• social behavior;
  • dominance;
  • frustration;
  • displacement activities;
  • Macaca mulatta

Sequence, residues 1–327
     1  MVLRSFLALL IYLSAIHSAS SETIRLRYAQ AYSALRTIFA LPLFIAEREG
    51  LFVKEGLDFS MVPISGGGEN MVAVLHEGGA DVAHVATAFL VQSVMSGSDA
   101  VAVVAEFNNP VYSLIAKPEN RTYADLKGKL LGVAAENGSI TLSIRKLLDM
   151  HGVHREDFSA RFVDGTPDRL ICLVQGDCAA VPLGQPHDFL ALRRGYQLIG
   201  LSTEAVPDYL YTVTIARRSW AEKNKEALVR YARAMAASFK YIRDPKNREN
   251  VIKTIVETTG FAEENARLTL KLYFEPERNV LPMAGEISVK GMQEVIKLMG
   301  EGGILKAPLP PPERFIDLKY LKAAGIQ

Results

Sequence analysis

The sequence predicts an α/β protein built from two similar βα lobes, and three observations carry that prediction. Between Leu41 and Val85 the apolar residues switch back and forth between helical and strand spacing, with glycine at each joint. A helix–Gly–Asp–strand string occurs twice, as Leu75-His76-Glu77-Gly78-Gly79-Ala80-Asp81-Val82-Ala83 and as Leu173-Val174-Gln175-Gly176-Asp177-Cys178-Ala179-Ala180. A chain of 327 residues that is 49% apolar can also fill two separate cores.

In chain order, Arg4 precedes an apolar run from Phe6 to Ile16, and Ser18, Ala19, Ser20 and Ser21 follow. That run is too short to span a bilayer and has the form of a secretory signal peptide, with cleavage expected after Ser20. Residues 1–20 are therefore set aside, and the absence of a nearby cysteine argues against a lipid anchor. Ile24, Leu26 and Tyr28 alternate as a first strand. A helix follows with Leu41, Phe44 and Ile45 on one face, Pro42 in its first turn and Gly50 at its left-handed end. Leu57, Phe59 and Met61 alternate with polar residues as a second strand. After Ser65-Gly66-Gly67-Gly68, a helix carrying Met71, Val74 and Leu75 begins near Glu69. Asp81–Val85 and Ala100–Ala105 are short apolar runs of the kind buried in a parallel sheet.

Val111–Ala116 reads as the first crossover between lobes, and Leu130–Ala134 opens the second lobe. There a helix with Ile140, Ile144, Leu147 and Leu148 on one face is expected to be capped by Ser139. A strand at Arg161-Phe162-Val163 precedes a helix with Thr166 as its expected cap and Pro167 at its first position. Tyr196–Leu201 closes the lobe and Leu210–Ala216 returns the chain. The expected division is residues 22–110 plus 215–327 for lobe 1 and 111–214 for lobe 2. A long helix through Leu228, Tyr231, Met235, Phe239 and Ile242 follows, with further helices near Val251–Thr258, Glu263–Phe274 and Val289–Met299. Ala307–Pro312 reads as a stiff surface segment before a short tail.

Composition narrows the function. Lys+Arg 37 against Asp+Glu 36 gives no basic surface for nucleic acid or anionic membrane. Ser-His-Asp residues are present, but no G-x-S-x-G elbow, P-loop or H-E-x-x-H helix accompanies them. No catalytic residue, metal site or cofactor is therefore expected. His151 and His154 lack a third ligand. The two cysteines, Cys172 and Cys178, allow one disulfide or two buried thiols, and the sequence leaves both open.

Data on scratching behavior were collected from a group of rhesus monkeys living in spacious surroundings. Juveniles scratched more often than adults. Adults scratched most often in social contexts and in close temporal association with a change of behavior. Subjects of intermediate dominance rank, in particular, scratched around the time of a behavioral change, and these subjects were the only ones to show increased scratching during tests involving restricted access to food (thwarting or frustration). The outer thighs, lower back, and sides were the sites scratched most frequently, not necessarily matching sites reported to be preferred for self-grooming. Scratching in monkeys has certain characteristics in common with some well-studied displacement activities in other species, and it possibly also serves as a signal that the individual is preparing to change behavior.